by Scott Smith, Communications Director
While the massive roundup of the famed Onaqui Mountain herd of wild horses in Utah last July attracted much outrage and national headlines, it was far from the only herd decimated by the Bureau of Land Management this year. Using a deadly combination of helicopters and baited water sources, the BLM removed or forcibly drugged with fertility control thousands of the federally protected animals from Western states throughout 2021, starting with the capture of 298 wild horses in early January from the Fish Creek herd management area (HMA) in central Nevada, to the removal of up to 3,555 wild horses from Wyoming’s Red Desert Complex HMA in October.
Friends of Animals (FoA) knows that public backlash matters when it comes to ending animal cruelty and exploitation. There is hope to derail BLM’s wild horse extinction plan if the public keeps pressure on new leadership—Deb Haaland, Biden’s secretary of the interior; Nada Culver, the BLM deputy director of policy and programs and BLM Director Tracy Stone-Manning—to demand reforms to rein in this rogue agency, which has obliterated the Wild Horse and Burro Act of 1971.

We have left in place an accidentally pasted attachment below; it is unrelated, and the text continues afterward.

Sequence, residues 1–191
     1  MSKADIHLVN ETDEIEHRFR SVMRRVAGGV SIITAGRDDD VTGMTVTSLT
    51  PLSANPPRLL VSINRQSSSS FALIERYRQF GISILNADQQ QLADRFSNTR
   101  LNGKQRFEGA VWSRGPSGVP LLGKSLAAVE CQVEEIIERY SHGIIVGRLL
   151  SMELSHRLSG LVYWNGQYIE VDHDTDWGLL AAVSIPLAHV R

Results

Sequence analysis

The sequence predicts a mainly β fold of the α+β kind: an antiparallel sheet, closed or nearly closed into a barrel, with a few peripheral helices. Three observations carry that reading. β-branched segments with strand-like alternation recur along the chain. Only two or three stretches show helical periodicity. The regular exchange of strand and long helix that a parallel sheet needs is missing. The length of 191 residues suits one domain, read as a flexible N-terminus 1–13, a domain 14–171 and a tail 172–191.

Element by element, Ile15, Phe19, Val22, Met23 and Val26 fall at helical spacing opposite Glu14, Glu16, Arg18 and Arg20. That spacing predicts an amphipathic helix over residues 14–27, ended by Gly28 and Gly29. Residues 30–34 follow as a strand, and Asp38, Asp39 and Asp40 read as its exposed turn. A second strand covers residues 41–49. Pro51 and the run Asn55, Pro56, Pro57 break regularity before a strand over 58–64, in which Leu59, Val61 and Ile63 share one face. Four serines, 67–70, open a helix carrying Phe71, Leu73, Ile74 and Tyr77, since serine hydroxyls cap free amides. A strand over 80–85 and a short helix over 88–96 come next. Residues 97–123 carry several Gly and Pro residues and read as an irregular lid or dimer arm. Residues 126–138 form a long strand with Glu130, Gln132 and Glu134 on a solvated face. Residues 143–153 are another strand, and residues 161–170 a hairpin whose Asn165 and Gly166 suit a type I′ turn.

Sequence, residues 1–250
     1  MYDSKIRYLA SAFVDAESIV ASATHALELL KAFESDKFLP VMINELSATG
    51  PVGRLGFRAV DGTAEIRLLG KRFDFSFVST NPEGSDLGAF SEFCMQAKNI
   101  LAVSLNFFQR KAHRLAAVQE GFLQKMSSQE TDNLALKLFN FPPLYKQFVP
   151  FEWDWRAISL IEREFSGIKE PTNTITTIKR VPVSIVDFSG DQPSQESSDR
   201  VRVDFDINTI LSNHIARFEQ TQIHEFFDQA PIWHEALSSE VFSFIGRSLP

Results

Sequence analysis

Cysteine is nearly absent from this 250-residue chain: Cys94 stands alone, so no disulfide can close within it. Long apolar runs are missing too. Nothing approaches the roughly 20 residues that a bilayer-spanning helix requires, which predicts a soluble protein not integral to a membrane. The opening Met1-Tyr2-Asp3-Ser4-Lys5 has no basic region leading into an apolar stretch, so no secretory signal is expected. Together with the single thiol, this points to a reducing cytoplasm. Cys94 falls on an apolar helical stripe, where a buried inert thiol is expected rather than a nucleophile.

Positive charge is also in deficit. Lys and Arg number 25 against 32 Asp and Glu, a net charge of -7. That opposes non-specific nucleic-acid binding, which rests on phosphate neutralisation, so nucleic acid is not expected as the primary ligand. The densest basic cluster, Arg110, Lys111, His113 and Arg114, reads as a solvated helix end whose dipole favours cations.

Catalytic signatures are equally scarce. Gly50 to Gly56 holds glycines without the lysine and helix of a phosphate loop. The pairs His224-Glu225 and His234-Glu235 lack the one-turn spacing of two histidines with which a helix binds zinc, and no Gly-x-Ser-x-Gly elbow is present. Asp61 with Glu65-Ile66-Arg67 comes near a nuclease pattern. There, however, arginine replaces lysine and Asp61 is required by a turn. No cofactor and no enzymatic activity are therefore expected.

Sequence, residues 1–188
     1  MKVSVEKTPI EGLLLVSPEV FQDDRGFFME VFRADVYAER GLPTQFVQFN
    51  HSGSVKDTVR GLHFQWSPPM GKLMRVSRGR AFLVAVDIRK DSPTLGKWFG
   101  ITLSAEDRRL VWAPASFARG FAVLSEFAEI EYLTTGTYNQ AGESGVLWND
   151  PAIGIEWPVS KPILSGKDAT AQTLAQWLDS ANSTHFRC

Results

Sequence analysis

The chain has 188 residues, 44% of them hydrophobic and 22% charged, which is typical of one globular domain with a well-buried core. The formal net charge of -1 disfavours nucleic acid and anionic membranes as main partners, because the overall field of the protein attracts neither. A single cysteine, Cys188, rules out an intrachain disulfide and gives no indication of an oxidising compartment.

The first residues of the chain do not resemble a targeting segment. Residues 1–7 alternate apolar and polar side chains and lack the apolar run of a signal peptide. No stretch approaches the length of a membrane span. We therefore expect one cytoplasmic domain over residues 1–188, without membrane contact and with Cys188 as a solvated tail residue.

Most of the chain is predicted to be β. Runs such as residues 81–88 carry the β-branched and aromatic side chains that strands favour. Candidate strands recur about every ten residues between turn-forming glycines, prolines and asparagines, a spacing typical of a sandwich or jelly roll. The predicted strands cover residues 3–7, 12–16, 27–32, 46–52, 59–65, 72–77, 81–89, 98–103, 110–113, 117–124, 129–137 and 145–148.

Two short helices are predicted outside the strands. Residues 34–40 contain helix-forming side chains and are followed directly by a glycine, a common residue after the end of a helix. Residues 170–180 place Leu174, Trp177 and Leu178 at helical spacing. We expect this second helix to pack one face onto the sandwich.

But there’s another excellent way to help keep wild horses wild and free on federal public lands—go see them, photograph them and share their plight.
As FoA has found in its campaigns to protect Africa’s Big 5 from trophy hunters, as well as through the chimpanzee sanctuary it supports in Gambia, promoting wildlife watching ecotourism is often the very best way to encourage conservation, whether it’s on the savannahs and in the jungles of Africa or the High Plains and Great Basin of the American West.
As the writer and environmental activist Wendell Berry wrote, “People exploit what they have merely concluded to be of value, but they defend what they love, and to defend what we love we need a particularizing language, for we love what we particularly know.”
“The BLM’s belief that wild horses only have value if they can be adopted out is an ongoing tragedy,” said Priscilla Feral, president of FoA. “BLM should be fostering an appreciation for wild horses and other native species through ecotourism instead of wiping out every animal deemed a threat to cattle and sheep ranching. It makes economic sense, too.”
According to the Department of the Interior Fiscal Year 2019 Economic Report, forage and grazing supported an estimated $2.2 billion in economic output and about 40,000 jobs. In contrast, the Interior Dept.’s lands hosted an estimated 501 million visits. Recreation on these public lands accounts for 469,000 jobs and contributes $60.6 billion to the U.S. economy. Worse, the BLM spends as much as two-thirds of its annual $35 million Wild Horse and Burro program budget to care for animals removed from the range; costs for lifetime care in a corral approach $50,000 per horse.